This psalm describes God’s character and relationship with all creation. Also, God’s promises of steadfast love and mercy are not new but long-standing promises “from of old” that continue to be fulfilled. God’s characteristics as “steadfast in love” and “merciful” indicate God’s desire for relationship with creation. God’s character and desire for relationship figure prominently in Psalm 25. Psalm 25 demonstrates two complementary dynamics of God’s relationship with creation: (1) God’s actions toward humanity and creation and (2) humanity’s response and receiving of God’s holiness.
The Advent theme of waiting comes into play in verses 3 and 5. The psalmist awaits God’s instruction. In verse 5 the psalmist also acknowledges God’s promise of salvation. Steadfast love and mercy characterize God’s salvation. That steadfast love grants forgiveness for all transgressions. God’s desire for relationship is not limited to those able to meet the requirements or maintain expectations of worthiness. Instead, God, with steadfast love and mercy, forgives all sins.
Some Christians refer to God’s forgiveness of sin as the doctrine of “justification.” As a child I learned this concept with the phrase “just as if I never sinned” as a play on the term justification. For John Wesley, the doctrine of justification indicates what God does for us, clothing us with the righteousness of Jesus Christ and forgiving all sins. There is nothing we must do, or can do, to earn God’s forgiveness; it’s part of the unconditional love God freely offers to us all.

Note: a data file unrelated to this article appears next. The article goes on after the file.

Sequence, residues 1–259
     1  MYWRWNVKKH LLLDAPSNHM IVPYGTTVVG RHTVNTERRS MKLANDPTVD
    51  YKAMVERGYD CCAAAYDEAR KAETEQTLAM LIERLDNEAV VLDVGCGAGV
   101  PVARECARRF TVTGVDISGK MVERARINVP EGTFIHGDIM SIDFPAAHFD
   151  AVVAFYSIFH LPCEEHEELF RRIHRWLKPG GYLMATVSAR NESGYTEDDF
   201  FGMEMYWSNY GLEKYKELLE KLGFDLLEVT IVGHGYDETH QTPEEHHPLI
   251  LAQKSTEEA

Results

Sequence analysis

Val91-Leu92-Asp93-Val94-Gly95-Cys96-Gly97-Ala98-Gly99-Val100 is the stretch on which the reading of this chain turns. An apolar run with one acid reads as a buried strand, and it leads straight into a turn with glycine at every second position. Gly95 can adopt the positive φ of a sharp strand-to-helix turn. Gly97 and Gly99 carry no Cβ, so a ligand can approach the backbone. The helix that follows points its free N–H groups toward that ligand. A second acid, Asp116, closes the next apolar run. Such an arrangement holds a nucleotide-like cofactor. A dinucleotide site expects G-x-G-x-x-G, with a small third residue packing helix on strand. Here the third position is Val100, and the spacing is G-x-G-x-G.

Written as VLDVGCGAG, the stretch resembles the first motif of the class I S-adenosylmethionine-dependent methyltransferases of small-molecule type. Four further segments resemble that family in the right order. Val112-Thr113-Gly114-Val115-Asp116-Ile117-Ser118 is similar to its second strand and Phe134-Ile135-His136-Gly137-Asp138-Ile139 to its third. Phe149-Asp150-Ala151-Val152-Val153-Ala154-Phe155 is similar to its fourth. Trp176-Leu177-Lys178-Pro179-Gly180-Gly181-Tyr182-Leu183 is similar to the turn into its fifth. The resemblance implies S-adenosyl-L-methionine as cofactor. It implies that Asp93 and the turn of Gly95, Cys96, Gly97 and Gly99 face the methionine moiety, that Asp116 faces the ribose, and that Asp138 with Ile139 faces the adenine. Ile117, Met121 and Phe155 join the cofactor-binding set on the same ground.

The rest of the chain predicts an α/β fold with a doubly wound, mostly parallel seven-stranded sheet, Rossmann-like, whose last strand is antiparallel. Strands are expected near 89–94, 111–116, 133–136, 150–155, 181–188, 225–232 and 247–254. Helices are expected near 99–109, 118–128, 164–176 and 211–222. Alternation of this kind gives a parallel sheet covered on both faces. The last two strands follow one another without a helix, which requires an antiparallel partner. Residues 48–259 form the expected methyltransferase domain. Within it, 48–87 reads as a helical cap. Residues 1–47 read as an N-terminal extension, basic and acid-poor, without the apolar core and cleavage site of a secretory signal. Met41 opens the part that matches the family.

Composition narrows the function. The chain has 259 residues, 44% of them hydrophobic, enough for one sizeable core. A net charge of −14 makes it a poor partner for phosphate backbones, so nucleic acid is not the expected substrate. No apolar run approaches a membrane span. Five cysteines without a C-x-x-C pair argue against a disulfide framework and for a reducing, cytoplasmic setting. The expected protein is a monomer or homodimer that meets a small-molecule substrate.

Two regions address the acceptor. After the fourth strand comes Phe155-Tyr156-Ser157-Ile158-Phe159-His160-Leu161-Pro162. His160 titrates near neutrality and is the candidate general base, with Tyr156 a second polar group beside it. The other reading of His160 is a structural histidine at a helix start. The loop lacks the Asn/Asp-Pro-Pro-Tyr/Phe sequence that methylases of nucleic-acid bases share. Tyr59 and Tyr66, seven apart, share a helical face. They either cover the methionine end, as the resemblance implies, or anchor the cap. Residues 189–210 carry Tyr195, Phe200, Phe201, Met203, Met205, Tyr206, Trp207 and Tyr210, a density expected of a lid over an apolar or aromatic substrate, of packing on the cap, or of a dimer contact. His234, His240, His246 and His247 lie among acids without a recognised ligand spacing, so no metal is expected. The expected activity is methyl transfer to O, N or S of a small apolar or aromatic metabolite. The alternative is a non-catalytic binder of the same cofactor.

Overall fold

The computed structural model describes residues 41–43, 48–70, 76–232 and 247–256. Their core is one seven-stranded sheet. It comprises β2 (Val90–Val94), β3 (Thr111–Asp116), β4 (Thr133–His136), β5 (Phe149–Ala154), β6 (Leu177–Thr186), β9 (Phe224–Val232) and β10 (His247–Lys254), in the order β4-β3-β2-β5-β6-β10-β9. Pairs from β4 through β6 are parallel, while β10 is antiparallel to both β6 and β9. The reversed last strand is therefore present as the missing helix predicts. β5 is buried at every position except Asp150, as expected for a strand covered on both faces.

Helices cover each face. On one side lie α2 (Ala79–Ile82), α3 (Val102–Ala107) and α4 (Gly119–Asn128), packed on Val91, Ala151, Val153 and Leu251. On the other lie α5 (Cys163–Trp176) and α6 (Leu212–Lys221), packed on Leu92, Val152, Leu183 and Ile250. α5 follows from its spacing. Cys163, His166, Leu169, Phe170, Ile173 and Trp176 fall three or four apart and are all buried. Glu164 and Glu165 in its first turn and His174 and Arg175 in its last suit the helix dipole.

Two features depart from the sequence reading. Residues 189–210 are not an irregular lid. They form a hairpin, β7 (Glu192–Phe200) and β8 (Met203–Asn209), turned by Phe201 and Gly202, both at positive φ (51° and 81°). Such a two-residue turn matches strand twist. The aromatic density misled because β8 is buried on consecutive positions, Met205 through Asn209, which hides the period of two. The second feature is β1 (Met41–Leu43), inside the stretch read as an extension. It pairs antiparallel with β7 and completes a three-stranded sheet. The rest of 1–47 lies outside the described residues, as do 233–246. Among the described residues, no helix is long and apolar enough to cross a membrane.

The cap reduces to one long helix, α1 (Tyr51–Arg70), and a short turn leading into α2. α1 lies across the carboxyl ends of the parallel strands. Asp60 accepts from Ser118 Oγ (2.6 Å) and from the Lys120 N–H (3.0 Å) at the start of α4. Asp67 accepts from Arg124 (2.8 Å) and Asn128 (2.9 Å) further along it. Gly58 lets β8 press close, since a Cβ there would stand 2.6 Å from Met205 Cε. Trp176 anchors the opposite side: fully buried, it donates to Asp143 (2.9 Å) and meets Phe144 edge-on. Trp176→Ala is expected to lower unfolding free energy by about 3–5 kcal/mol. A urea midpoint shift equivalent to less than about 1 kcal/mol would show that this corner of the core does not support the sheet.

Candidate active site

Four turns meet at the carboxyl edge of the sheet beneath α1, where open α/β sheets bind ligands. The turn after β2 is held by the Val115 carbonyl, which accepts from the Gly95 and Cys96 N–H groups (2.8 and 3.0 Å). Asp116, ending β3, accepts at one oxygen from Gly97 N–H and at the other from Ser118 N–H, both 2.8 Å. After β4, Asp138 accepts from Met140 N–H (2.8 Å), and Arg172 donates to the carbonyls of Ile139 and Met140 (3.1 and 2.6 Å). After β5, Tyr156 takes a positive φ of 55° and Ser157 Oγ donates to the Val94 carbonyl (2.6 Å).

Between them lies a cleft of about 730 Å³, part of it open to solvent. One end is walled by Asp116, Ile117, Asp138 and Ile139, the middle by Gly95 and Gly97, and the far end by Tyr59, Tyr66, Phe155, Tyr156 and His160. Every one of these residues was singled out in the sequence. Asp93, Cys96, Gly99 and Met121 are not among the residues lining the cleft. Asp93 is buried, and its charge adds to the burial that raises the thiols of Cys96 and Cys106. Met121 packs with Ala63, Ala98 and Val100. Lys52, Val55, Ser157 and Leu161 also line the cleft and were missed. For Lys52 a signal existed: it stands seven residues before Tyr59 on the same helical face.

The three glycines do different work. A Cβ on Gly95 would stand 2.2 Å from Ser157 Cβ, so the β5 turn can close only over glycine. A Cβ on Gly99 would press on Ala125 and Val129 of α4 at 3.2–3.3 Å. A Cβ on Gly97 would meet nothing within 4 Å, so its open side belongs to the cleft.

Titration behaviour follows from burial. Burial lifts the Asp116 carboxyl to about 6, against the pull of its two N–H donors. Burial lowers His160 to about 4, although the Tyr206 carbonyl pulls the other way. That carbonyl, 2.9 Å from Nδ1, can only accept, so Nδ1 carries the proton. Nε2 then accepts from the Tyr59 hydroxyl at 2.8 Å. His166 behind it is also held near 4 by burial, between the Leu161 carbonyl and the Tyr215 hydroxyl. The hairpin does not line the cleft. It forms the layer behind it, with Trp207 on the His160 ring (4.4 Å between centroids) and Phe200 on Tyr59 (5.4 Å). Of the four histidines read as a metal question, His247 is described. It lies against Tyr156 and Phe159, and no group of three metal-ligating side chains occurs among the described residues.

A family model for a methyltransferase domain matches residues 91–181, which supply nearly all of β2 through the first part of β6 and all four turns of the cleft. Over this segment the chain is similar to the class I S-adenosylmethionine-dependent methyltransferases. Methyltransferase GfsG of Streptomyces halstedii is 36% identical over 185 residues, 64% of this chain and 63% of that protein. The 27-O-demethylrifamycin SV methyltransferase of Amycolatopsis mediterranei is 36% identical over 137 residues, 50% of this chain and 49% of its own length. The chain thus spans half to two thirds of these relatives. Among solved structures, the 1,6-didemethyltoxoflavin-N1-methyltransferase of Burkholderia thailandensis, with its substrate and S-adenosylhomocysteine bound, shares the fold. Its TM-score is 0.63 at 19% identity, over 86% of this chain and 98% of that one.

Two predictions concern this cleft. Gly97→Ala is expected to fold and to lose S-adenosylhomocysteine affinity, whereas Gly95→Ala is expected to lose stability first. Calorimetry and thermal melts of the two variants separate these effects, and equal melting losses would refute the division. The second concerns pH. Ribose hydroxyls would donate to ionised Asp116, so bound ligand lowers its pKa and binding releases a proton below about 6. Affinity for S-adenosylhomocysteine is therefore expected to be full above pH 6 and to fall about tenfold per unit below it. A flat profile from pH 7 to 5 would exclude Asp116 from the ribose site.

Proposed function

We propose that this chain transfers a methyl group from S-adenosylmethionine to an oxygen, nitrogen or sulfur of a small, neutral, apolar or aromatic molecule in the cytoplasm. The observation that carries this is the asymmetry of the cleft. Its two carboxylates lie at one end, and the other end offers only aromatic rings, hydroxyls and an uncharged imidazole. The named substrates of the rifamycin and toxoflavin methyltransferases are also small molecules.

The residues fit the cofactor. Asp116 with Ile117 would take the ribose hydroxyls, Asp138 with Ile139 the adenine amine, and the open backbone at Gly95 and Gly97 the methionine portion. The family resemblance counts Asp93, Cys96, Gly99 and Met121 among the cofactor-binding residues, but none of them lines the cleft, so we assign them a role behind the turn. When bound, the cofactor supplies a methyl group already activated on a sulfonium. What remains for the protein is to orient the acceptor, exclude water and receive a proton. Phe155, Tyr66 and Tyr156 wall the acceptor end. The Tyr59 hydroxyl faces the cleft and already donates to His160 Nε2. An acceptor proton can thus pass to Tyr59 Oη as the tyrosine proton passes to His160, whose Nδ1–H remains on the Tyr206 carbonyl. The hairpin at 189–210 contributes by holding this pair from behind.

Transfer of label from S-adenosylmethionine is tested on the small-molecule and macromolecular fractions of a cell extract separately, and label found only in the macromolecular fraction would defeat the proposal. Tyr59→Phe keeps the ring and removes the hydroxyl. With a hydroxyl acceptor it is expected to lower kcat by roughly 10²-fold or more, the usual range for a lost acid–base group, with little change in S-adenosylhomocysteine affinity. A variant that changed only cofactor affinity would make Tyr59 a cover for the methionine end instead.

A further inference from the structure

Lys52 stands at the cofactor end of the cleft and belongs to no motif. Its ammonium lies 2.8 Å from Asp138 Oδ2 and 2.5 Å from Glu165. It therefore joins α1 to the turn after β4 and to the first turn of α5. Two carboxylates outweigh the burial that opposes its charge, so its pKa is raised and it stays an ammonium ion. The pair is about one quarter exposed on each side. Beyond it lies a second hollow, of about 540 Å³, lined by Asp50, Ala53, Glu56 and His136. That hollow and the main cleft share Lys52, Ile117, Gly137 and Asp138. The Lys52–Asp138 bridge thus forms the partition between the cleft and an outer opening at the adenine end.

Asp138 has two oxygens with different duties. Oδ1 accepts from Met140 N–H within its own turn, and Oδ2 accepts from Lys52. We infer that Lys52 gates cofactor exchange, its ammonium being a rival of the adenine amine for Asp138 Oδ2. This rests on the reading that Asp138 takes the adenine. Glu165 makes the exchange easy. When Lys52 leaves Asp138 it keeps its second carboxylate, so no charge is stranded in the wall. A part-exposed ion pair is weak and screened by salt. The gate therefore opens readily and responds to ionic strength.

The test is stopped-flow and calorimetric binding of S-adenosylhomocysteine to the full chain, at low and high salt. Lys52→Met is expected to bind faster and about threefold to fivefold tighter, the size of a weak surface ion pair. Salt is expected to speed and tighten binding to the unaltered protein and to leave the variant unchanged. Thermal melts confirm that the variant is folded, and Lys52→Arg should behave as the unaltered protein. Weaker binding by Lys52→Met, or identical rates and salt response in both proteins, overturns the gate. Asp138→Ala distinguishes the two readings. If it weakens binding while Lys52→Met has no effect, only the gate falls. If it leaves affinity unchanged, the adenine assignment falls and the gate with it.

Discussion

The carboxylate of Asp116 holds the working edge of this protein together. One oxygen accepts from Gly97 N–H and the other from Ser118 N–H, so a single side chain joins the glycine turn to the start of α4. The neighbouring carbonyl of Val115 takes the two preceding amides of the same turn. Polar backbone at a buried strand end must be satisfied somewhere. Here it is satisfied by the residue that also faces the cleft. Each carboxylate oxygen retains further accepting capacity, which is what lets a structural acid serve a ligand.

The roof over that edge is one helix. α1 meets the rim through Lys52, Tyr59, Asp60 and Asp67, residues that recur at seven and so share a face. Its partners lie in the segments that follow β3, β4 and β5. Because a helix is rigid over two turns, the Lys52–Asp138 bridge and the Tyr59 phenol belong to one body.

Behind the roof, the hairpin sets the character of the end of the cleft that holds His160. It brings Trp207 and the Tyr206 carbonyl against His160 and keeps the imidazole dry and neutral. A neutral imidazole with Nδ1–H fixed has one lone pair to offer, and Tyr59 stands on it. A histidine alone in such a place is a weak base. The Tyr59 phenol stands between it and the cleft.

Reflect upon God’s steadfast love and mercy for you and for all humankind—and in prayer, give thanks to God.
As we prepare our hearts for Advent, the celebration of Jesus’ first coming, we remember in Jeremiah that the birth of Jesus has a deep background, a background rooted in God’s promise to David. Psalm 25, traditionally credited to David, speaks of God’s faithfulness to those who follow the paths of the Lord. David asks God to teach him to follow God’s paths even more closely. The New Testament readings actually point us toward Jesus’ second coming. Paul encourages the Thessalonians to excel in holiness and love while they wait. In Luke, Jesus discusses the coming of the kingdom in a passage that some find confusing. We note that he focuses not on the exact time frame of the arrival of the kingdom but on our need to be alert.
• Read Jeremiah 33:14-16. What has been your experience with a promise-making and promise-keeping God?
• Read Psalm 25:1-10. How do you perceive God’s instruction in your life?
• Read 1 Thessalonians 3:9-13. How has God’s presence buoyed you up in times of persecution or distress?
• Read Luke 21:25-36. What is your Advent posture this year? If “believing is seeing” were true in your life, what would you see?
Respond by posting a prayer.
I join many of those who will pray for you as you seek to discern what you are called to be at this moment. May God grant you the courage to fulfill that calling. May we all open our eyes and see the misery, open our ears and hear the cries of God’s people, and, like God through the Lord Jesus Christ, be incarnate amongst them.”
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